Destination List > Easter Island

Easter Island

Photo by Lee Coursey

The history...

Easter Island is a territory of Chile in the southeastern Pacific Ocean, at the southeasternmost point of the Polynesian Triangle in Oceania.

The island is famous for its nearly 900 monumental statues, called moai, which were created by the early Rapa Nui people.

Experts disagree on when the island's Polynesian inhabitants first reached the island. While many believe they arrived around the year 800, there is compelling evidence presented in a 2007 study that places their arrival closer to 1200. 

The inhabitants created a thriving and industrious culture, as evidenced by the island's numerous enormous stone moai and other artifacts. However, land clearing for cultivation and the introduction of the Polynesian rat led to gradual deforestation. By the time of European arrival in 1722, the island's population was estimated to be 2,000 to 3,000. European diseases, Peruvian slave raiding expeditions in the 1860s, and emigration to other islands such as Tahiti further depleted the population, reducing it to a low of 111 native inhabitants in 1877.

Chile annexed Easter Island in 1888. In 1966, the Rapa Nui were granted Chilean citizenship. In 2007 the island gained the constitutional status of "special territory". The 2017 Chilean census registered 7,750 people on the island, of whom 3,512 (45%) considered themselves Rapa Nui.

Easter Island is one of the most remote inhabited islands in the world. The nearest inhabited land (around 50 residents in 2013) is Pitcairn Island, 2,075 kilometres (1,289 mi) away; the nearest town with a population over 500 is Rikitea, on the island of Mangareva, 2,606 km (1,619 mi) away; the nearest continental point lies in central Chile, 3,512 km (2,182 mi) away.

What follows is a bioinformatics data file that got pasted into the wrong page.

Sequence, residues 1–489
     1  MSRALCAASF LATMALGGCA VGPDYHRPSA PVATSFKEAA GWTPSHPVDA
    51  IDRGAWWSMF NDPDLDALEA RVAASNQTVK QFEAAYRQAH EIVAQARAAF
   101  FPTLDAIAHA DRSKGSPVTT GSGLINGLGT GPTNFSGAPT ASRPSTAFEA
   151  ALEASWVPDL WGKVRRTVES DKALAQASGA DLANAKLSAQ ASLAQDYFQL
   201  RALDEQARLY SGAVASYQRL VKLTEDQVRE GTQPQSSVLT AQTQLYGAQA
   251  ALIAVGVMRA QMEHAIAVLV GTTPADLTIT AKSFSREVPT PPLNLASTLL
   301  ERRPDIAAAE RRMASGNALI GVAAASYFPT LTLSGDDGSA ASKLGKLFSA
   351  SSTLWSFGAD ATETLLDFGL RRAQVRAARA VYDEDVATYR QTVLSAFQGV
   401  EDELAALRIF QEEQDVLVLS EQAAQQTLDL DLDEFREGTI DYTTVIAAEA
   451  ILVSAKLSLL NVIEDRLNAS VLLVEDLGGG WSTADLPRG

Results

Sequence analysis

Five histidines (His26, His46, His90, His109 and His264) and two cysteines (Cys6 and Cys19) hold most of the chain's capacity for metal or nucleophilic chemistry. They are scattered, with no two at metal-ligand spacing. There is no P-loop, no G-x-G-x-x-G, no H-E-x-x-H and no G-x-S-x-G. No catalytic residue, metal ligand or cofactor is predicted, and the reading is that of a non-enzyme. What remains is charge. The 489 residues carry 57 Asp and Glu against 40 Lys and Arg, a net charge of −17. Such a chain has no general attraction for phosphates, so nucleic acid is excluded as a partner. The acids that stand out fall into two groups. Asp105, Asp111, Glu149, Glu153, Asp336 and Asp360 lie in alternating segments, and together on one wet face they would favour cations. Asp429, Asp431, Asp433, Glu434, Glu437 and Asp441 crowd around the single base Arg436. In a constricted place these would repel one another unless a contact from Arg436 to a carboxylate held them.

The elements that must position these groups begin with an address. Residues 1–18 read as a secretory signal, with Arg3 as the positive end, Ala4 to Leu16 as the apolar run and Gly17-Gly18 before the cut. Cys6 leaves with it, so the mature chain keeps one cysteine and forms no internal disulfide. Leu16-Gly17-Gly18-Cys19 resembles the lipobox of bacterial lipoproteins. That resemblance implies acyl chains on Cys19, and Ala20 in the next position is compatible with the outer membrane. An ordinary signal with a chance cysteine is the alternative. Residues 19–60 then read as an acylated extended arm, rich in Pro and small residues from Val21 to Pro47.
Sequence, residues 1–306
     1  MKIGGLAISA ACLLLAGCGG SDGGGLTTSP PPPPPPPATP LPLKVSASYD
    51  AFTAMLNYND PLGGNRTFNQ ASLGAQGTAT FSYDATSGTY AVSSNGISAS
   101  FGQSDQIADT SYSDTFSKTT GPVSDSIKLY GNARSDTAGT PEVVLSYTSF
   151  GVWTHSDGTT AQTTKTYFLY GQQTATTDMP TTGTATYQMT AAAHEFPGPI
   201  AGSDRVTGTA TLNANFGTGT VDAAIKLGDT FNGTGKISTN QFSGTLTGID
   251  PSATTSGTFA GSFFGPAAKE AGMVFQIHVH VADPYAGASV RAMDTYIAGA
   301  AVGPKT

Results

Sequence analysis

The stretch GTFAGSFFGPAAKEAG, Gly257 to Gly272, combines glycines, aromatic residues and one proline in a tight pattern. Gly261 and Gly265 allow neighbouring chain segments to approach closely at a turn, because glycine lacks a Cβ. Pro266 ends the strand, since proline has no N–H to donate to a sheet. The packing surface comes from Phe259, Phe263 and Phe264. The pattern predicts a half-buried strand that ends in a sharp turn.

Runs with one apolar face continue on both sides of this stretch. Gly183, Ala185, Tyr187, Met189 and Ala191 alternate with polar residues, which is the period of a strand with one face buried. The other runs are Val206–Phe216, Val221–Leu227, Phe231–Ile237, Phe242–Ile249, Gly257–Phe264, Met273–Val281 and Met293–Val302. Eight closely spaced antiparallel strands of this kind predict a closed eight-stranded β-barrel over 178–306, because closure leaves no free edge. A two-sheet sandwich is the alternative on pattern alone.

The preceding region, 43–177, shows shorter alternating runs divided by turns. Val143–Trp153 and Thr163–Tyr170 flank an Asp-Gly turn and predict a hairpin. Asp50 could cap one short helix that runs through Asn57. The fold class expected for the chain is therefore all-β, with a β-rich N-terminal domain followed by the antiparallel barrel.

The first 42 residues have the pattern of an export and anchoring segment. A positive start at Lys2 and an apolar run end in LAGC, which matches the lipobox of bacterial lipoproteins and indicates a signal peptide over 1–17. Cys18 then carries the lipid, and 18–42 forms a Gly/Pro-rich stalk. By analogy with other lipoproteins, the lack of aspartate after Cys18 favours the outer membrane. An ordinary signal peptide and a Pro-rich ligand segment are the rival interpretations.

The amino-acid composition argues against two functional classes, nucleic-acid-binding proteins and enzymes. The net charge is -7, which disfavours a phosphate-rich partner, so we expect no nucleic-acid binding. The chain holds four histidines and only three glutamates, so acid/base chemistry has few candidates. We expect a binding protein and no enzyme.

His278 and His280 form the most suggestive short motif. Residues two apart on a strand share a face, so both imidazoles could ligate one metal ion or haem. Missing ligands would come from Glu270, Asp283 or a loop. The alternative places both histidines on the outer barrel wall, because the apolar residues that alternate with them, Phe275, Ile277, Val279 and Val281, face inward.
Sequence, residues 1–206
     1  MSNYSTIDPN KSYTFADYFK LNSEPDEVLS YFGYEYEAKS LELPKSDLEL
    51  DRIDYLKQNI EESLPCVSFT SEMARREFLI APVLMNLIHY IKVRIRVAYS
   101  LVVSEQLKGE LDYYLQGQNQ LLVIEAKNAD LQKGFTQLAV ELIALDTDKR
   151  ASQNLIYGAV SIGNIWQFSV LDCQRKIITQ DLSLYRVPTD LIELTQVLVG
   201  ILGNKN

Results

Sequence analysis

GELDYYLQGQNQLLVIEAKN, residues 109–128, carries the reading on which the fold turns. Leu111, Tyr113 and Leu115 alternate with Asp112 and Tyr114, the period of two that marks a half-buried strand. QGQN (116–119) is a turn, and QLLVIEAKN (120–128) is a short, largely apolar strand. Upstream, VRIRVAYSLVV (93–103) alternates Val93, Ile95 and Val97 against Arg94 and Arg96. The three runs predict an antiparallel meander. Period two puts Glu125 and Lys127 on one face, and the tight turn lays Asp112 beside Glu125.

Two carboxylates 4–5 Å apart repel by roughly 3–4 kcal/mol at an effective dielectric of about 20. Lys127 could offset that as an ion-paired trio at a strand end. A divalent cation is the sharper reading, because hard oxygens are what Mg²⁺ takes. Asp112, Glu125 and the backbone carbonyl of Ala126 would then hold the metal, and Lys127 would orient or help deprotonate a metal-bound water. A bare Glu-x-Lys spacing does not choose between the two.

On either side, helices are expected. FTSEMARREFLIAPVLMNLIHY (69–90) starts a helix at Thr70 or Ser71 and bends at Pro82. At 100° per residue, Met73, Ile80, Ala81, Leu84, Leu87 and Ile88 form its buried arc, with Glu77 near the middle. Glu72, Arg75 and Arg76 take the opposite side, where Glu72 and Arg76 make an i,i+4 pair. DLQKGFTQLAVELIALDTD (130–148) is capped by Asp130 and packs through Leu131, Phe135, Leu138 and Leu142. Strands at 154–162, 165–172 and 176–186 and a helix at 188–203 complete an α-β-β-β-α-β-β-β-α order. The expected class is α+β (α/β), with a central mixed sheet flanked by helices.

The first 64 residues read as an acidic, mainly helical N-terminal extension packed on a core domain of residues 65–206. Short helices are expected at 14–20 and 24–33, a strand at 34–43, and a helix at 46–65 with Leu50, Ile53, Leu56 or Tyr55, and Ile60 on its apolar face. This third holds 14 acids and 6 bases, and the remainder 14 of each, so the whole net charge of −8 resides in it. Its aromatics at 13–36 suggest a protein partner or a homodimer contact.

In 1995, UNESCO named Easter Island a World Heritage Site, with much of the island protected within Rapa Nui National Park.

Source: Wikipedia

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Visit Rano Raraku to see where the moai were carved before they were moved to their final destination.


Explore Orongo and learn about the Birdman Cult and their ancient competition.


The island has many ancient petroglyphs. Can you spot them in your travels?


Add a stamp to your real, not Duckwyn, passport when you visit the post office in Hanga Roa.


Find a moai with a pukaos on its head. These large rocks represent the hair style of the people.


Explore Rano Kau, the largest volcanic crater on the island.


Take in the spectacular sunrise at Tongariki.


Enjoy the crystal clear water and beautiful scenic views with a beach day at Anakena Beach.

Did you know?



Over 2,000 people lived on the island when European explorers arrived in 1722. Today, the number has risen to about 7,750.



There are nearly 1,000 moai statues created by the Rapa Nui people found across Easter Island.

9.89 m


The largest moai is known as "Paro". It is 9.89 m long and weighs 82 tonnes.

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